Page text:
Outside of these activities, there are a plethora of other water sports and activities including kitesurfing, wakeboarding, waterskiing, and banana boating. Or you can take a ride on the glass bottom boat.
If it’s speed you’re after, then you can go on a quad bike safari for EGP 150 for 2 hours. You’ll be taken into the desert and the surrounding mountains for some great views of the coastline.
If you want more freedom to go where you want then you can rent a motorbike or a scooter. The prices for these vary, so again, shop around.
Horse riding finds you. If you see a guy riding a horse flag him down and organise a trip. The price is negotiable so make sure that you have a price in mind before going into the negotiations.
My personal recommendation would be to head to Safari One in Mashraba, found next to the New Sphinx Hotel. You will find Mo or Ahmed there who can help you out with renting motorbikes, scooters or bicycles. It costs EGP 350 to rent a motorbike for a day, EGP 180 for a scooter, and EGP 50 for a bicycle.
The Safari One team can also provide you with a number of desert tours and can tailor these tours to exactly what you want to do. Mo prides himself on providing a unique experience for every customer he has. Trips to explore the dry canyons, the moving sand dune, the observation point and the ancient rock of inscription will cost EGP 300 per person. This price includes transport and food for the day. I would personally recommend this trip; climbing through the narrow canyon is tough work but a fantastic experience.
Safari One is also home to a wide collection of books for sale so if you just want a book to read while you lie in the sun this is the place to go.
Mo is a helpful guy so if you need help with anything in Dahab he is more than happy to help you out.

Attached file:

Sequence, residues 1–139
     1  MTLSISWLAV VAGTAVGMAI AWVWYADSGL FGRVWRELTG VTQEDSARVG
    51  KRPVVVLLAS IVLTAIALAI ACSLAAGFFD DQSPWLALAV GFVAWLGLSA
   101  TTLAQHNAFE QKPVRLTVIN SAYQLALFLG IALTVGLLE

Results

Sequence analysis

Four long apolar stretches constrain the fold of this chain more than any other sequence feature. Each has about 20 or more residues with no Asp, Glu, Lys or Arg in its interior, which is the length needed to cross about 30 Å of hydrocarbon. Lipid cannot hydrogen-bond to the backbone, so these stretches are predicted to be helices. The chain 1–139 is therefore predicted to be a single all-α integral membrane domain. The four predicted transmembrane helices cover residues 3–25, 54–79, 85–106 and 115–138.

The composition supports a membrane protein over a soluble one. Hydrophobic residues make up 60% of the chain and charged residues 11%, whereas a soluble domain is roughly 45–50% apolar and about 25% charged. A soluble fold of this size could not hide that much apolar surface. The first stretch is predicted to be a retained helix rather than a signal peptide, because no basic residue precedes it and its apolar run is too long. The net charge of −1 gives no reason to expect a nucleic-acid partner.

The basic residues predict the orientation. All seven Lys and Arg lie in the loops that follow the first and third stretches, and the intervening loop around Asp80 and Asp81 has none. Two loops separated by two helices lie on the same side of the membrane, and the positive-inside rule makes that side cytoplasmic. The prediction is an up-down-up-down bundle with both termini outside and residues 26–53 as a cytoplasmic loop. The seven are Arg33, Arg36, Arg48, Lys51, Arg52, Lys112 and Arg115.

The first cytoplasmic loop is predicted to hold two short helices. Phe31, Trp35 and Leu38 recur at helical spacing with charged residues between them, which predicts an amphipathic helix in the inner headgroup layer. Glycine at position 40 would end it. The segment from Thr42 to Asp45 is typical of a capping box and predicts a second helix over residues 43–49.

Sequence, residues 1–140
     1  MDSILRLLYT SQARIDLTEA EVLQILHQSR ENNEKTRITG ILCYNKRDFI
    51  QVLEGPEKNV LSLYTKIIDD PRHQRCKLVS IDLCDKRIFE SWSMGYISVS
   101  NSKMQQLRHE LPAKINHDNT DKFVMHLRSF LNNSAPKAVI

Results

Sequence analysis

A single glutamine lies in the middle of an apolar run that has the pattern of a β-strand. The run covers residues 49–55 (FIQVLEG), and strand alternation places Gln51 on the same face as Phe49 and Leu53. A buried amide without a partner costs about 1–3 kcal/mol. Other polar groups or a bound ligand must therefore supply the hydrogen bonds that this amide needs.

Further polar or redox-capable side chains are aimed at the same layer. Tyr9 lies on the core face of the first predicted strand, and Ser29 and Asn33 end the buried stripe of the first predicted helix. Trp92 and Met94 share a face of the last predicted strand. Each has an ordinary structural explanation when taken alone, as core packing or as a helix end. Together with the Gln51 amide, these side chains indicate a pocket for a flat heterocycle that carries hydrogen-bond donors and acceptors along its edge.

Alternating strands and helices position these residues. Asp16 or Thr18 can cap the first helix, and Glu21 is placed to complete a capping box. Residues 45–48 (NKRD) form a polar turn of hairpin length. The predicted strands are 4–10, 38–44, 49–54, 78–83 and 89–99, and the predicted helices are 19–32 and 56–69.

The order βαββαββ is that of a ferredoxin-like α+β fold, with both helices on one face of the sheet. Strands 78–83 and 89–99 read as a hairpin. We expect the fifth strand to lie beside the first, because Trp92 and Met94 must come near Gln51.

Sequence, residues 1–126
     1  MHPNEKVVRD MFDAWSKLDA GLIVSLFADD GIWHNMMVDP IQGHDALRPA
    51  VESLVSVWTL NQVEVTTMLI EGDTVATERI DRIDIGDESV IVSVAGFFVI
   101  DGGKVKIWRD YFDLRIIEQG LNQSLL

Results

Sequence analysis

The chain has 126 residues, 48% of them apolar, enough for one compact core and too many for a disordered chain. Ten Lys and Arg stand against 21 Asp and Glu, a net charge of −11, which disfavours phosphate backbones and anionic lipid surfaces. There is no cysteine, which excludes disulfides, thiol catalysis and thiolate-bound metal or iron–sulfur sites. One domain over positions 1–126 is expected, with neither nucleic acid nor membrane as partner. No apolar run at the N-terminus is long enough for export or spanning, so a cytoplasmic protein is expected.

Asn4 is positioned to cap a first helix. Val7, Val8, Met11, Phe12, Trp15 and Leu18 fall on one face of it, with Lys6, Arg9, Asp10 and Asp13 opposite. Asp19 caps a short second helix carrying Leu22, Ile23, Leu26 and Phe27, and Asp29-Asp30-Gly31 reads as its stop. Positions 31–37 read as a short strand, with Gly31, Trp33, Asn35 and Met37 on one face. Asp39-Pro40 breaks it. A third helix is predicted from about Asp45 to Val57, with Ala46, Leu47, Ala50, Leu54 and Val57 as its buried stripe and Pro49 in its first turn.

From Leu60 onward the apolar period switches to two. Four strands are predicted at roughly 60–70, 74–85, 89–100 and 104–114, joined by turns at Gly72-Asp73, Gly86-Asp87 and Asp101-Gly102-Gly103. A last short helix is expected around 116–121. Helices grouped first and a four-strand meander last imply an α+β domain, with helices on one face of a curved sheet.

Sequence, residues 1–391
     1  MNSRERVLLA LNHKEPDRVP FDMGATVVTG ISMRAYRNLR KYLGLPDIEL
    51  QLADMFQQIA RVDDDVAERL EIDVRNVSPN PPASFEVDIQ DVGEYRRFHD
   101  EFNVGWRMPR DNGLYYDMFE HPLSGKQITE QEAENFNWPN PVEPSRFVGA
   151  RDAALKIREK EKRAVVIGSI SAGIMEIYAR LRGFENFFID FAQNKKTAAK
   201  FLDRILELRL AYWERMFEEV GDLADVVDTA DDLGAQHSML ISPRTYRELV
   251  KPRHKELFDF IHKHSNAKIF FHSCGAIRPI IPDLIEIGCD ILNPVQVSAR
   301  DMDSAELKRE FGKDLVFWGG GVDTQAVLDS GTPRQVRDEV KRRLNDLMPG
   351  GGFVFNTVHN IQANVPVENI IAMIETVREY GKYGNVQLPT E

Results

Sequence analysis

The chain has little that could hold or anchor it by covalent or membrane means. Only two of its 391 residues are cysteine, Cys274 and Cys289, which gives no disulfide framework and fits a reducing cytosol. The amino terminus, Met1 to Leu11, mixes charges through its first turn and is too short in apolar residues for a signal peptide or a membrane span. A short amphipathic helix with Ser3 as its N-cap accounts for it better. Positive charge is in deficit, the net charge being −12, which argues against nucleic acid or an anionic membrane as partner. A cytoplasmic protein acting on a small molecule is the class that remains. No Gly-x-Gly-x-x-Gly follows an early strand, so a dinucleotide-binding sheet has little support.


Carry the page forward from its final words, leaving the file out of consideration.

Activities outside of Dahab
Dahab is close to a number of interesting places to visit. The most obvious is Mount Sinai and this can be organised through any hotel that you stay at. You leave in the early hours of the morning and climb up in the dark to watch the sunrise at the peak. Take some warm clothes, though, because it’s cold at the top.
North of Dahab is the Blue Hole, which is a famous diving site 200 metres deep. It’s also great for snorkelling and if you walk a little further on you will stumble upon a deserted restaurant named El Bells. Here you can enter the water and swim out to the coral wall, which is some of the best snorkelling I have ever experienced.
From the Blue Hole it is possible to make it to the isolated Bedouin village of Ras Abu Galloum. You can embark upon a two-hour walk along the coast until you reach the village, or you can ride a camel. The walk in itself is very enjoyable and once you reach the village you can lie back in a hut and enjoy the silence. There is not much to do in Abu Galloum but the peaceful atmosphere will help melt all your troubles away. Take snorkels, because there are some great reefs to see and on occasion the sea turtles will make an appearance. You can stay for the day or you can stay the night under the stars. Take some food and drinks with you to see you through. The Bedouins will cook you a meal if you ask but you will be charged for it. I highly recommend visiting Ras Abu Galloum; it’s a unique and unspoilt part of the world with a charm rarely found elsewhere in Egypt.